Then I found myself wondering what Philip Larkin (pictured left), one of my favorite poets, thought of Ted Hughes (pictured right), the poet and husband of my favorite poet, Sylvia Plath. When the library opened at two p.m. I went there and, grateful for an index, skimmed through Philip Larkin's collected letters.
In a June, 1967, letter to Kingsley Amis, Larkin wrote of Hughes: "No, of course Ted's no good at all, not at all. Not a single solitary bit of good. I think his ex-wife, late wife, was extraordinary, though not necessarily likable. Old Ted isn't even extraordinary."
To a Robert Conquest, Larkin wrote in June of 1975: "At Ilkley literature festival a woman shrieked and vomited during a Ted Hughes reading. I must say I've never felt like shrieking. We had the old crow [Hughes] over at Hull [University, where Larkin was Head Librarian], looking like a Christmas present from Easter Island. He's all right when not reading."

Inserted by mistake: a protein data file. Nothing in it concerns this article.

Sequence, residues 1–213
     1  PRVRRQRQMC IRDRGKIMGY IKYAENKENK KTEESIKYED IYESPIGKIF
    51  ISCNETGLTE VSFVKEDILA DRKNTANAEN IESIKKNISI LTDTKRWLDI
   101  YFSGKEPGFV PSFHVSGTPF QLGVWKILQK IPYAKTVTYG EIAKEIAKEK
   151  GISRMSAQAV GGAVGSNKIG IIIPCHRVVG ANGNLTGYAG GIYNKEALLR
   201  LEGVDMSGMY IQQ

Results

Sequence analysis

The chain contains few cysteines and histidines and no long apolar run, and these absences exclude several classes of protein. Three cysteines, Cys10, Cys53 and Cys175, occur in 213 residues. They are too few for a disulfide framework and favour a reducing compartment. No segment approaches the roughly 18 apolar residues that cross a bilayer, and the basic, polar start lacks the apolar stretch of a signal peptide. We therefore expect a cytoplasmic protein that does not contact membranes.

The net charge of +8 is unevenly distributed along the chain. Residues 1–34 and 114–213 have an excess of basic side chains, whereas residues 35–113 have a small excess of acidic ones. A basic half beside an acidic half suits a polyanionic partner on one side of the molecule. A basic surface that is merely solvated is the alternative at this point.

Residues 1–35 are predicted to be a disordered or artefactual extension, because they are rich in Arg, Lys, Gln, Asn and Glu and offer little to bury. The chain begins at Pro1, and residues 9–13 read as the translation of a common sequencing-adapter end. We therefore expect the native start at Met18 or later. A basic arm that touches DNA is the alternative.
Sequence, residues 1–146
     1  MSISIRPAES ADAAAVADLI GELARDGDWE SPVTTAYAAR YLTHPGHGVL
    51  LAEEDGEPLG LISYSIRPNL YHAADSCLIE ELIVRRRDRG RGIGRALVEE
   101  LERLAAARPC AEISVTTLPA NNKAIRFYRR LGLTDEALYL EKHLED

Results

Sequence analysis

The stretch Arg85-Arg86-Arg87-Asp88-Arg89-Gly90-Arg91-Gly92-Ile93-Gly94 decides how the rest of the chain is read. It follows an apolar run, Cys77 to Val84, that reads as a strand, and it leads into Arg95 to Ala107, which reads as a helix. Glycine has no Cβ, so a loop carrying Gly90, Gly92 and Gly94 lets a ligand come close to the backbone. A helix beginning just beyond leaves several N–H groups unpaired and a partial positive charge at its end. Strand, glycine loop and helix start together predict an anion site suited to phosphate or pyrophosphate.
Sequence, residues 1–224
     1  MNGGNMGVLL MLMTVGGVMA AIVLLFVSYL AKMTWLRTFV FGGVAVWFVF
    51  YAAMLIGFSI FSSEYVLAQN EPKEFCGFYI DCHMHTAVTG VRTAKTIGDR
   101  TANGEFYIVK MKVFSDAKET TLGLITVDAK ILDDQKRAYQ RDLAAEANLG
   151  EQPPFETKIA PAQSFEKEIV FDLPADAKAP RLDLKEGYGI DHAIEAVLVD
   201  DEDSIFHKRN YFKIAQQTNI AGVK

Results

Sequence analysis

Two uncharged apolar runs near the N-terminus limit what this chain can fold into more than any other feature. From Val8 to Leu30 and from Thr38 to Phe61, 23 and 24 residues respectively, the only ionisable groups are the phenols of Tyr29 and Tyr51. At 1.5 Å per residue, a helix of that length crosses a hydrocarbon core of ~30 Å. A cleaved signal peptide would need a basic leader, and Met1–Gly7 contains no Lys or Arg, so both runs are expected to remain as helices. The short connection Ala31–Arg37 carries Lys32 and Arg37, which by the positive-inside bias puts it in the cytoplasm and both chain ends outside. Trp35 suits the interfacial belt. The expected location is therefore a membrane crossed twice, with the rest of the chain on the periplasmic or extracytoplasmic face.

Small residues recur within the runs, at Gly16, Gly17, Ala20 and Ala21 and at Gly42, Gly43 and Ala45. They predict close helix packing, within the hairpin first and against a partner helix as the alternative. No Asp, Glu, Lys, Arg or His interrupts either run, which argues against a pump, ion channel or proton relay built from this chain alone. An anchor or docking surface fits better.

Then, to a Winifred Bradshaw, Larkin wrote in August of 1979: "Ted Hughes is coming here to read in the autumn: tickets 1 pound 50, for 4 pounds 50 you can go to a reception and 'meet Ted Hughes' ... [I] feel like walking up & down outside with a placard reading 'Meet P.L. for 3 pounds 95.' I really must arrange to be away that evening."
Finally, in another letter to Robert Conquest, written in December of 1984, after Hughes had been appointed Poet Laureate (it had been offered to Larkin but he declined): "I think he'll do the job all right except for writing anything readable. Personally I find him a boring old monolith, and again pretty self-interested, but those as wants him will have to put up with that."
I think Philip Larkin didn't care for Ted Hughes.
I'd gladly pay way more than 3 pounds 95 to meet P.L. ... if only time could reverse itself to when he was still among us.